I have more to say about Eve Weather, but it also applies to Eve Room so let's talk about it next.
Eve Room looks virtually identical to Eve Weather. It is the same size and shape, although it doesn't have a hole on the back to hang it up on a wall.
Eve Room is powered by three AA batteries. Elgato says that they will also last over three months.
Like Eve Weather, Eve Room monitors temperature and humidity. But instead of monitoring air pressure, Eve Room measures air quality, and for that reason Eve Room costs $30 more than Eve Weather.
Elgato says that the air quality measurement is based on volatile organic compounds, which includes not only CO2 but also other substances that can cause eye irritation, headaches, tiredness and dizziness such as emissions from carpet, paint, furniture, printers, perfumes, cleaning products, tobacco smoke and many other substances that in large quantities can be harmful. These compounds contribute to what is sometimes called Sick Building Syndrome. In my tests over the last few weeks, my Eve Room air quality measurements were mostly excellent and occasionally good, but I see that they did go up to poor for about 20 minutes last night when my wife was using a wok to make Chinese food in our kitchen — one room over from where the Eve Room was located — and there was some smoke in the air.
Note that while Eve Room classified it as poor air quality, it smelled really good in my house while my wife was cooking. For whatever that is worth.
One of the best features of Eve Room and Eve Weather is that they integrate with HomeKit. That means a couple of things.
First, it means that you can use Siri. If I ask Siri "What is the temperature outside" I get a normal Siri response using The Weather Channel and my location. But if I ask Siri "What is the temperature in my backyard" — with "Back Yard" as a designated zone in my HomeKit — I get the current reading from my Eve Weather. Similarly, I can ask Siri "What is the temperature in my house" and I can get the current temperature in both my backyard and my home theater room, the room where my Siri Room is located.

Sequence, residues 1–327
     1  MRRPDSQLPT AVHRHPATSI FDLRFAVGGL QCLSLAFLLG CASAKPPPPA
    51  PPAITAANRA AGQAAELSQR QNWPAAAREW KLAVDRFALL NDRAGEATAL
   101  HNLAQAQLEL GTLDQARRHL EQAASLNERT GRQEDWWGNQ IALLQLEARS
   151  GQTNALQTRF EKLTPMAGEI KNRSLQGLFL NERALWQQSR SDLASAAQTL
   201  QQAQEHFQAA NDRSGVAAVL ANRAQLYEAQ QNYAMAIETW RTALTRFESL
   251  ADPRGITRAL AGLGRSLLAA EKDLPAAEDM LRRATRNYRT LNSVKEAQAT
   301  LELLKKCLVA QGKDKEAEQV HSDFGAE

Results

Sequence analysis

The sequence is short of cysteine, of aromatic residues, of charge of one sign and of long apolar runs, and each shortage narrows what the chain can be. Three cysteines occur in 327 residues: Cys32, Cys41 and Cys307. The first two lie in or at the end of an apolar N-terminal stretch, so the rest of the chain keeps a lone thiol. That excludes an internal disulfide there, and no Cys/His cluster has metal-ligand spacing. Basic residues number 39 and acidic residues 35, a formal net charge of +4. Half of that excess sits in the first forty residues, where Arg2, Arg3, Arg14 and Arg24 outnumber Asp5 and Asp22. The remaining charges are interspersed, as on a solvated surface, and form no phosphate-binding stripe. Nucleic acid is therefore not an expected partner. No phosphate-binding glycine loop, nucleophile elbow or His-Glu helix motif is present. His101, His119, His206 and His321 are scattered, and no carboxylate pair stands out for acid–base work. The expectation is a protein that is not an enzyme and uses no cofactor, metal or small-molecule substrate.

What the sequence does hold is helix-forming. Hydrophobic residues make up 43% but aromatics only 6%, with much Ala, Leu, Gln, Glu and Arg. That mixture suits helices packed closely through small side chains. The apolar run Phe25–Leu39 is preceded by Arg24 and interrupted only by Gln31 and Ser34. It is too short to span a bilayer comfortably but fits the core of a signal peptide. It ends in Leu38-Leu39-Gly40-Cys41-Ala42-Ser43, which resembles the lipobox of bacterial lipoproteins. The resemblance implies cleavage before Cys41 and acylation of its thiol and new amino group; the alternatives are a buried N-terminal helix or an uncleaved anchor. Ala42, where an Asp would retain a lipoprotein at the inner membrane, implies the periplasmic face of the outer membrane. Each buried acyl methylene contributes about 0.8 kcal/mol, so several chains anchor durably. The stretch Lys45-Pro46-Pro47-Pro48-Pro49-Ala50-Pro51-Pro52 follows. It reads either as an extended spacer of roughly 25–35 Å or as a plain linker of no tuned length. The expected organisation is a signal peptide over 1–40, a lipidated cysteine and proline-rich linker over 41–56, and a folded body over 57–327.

Although there is not an Eve app on the Apple Watch, you can use Siri on the Apple Watch to ask for information from an Eve device, such as the temperature.
A second implication of HomeKit is support is that Eve devices can work with other HomeKit devices. A perfect example of this is the Eve app. That app is powerful enough to show me not only the readings from the Eve Room and Weather, but also other HomeKit devices in my house — which currently includes Lutron light switches on my front porch, my dining room, and my home theater room.
It is nice to have a single app that can handle all of my HomeKit needs. Indeed, I can tap "At a Glance" at the top of the Eve app to see all of my current readings on one page.
Or if I select the entry for my TV room, I can not only see the temperature in that room (thanks to the Eve Room) but also I can see whether the lights are on or off and, if on, the brightness, and I can control those lights.
In theory, there is no reason why my Lutron app couldn't also get temperature and humidity information from my Eve devices because those two functions are HomeKit standards, but the Lutron app doesn't currently do so. (Air quality and air pressure are not currently part of HomeKit, so only the Eve app can read that data from Eve devices.)
Because the Eve app handles other HomeKit devices, I haven't seen much need to use my Lutron app. Everything that I need for both my Lutron and Eve devices is right there in the Eve app.